The mental health crisis is a national issue at the moment and this affects children just as much as adults. According to the NHS, in 2017, 1 in 8 five to nineteen-year-olds had at least one mental condition, with emotional, behavioural and hyperactivity disorders being the most prevalent. While there are many possible causes of mental health disorders, children from low-income families, those under pressure to do well in examinations and those with identity or self-image issues are particularly at risk.

The issue is compounded by the lack of adequate mental health services and so schools, which look after these children on a daily basis, get very little help. Although it is not a panacea, providing young children with the opportunity to take part in physical activities, such as playing on a climbing frame, has been shown to have a positive impact on mental wellbeing.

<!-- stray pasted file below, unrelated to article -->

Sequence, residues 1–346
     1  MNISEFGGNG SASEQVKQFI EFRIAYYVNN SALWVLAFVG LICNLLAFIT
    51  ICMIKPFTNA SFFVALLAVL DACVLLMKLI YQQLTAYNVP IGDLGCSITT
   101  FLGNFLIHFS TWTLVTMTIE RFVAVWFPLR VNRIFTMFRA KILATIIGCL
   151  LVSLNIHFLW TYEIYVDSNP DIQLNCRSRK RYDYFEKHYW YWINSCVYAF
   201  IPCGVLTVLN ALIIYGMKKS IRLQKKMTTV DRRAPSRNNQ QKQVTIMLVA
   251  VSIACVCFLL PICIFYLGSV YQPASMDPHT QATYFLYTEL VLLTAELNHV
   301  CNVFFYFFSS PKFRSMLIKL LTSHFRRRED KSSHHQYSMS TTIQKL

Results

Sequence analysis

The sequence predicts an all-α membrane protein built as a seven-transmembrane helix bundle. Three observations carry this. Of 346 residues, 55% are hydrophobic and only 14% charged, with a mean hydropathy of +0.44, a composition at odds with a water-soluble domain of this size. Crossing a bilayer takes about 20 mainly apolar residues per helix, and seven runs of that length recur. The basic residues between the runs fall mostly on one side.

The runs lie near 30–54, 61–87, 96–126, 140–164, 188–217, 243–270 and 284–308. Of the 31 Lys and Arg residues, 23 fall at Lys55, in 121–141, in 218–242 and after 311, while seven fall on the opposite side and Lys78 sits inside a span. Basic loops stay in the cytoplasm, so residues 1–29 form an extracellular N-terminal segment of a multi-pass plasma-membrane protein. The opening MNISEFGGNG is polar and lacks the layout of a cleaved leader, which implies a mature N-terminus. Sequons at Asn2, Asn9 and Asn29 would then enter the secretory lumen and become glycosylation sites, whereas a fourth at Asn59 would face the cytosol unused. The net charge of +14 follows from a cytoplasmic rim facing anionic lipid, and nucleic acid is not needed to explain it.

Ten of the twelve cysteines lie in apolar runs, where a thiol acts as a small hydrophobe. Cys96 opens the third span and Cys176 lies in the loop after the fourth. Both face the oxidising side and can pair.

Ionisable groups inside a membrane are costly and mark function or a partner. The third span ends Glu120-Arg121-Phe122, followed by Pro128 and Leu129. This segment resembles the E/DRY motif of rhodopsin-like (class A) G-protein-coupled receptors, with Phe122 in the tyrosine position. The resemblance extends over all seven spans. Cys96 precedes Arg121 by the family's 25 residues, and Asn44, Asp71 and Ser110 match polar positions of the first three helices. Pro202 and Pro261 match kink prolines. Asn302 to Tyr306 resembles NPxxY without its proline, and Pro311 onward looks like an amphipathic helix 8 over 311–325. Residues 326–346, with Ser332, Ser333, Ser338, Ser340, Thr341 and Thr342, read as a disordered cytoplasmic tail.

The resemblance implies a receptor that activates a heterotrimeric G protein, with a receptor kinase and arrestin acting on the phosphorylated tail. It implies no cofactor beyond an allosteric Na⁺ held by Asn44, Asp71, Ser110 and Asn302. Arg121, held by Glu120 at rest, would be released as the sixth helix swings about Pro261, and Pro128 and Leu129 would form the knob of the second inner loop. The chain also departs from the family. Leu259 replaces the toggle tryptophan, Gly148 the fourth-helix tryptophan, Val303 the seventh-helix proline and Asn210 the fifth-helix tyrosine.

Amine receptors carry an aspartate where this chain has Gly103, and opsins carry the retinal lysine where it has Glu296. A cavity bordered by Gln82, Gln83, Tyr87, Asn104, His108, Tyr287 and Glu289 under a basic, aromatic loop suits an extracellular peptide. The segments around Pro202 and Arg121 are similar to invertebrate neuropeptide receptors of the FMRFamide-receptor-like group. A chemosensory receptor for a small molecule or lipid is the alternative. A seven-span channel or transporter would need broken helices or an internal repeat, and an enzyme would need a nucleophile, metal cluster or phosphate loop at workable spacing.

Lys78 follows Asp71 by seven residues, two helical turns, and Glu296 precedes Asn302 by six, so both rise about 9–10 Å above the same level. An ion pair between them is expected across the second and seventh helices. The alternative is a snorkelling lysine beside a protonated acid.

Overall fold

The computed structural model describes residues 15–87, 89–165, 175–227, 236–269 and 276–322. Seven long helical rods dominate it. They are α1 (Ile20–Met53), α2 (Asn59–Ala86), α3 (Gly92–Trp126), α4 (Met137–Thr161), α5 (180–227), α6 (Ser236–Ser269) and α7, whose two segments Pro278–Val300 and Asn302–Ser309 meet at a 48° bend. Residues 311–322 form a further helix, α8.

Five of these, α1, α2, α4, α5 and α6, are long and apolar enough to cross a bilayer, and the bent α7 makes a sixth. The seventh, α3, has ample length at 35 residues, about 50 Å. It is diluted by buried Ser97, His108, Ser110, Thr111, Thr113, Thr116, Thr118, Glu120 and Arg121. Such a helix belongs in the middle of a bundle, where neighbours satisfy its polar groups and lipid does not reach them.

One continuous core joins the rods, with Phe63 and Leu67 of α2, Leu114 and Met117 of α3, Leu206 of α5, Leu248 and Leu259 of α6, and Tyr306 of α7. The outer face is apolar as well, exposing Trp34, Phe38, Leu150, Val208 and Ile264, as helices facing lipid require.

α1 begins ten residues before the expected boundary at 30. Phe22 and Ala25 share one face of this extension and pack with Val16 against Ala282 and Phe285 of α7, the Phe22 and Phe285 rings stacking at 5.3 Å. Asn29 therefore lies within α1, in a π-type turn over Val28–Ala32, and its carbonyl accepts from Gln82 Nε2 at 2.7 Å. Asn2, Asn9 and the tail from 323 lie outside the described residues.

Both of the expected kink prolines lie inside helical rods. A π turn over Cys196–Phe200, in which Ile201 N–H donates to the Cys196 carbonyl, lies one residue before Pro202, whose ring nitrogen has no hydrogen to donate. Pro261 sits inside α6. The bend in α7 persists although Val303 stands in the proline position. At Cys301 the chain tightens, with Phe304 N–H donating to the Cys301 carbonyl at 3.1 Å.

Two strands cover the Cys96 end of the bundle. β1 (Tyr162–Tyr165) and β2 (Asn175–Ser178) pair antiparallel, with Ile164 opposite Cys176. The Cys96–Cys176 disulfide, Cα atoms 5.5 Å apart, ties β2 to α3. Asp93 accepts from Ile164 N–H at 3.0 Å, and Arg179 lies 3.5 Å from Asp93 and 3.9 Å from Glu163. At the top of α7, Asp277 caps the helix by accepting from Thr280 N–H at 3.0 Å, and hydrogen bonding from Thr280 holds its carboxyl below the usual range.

The moderate to vigorous activity undertaken on climbing frames helps to increase endorphin levels, lifts mood and reduces stress. This can help children to be calmer, less anxious, more focussed and even better behaved. Indeed, those who take part in regular physical activity have less chance of developing a mental health condition.

Conclusion

Children are naturally attracted to climbing frames and the challenges they throw at them. Putting one in your playground offers far more than just fun, though. It helps with physical and mental health, develops social and learning skills, increases personal independence and fosters a more positive attitude to accepting challenge.

To enable your pupils to enjoy these benefits, take a look at our wide range of climbing frames.

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Green Ridge Primary Academy – Creating the ‘WOW’ Factor One Year On

We were delighted to revisit this play area one year after we completed the project.

This showcases not only the great work we do but also the fact that our play areas stand the test of time!

upgrade

The project at Green Ridge Primary Academy, Aylesbury, involved creating several new EYFS areas.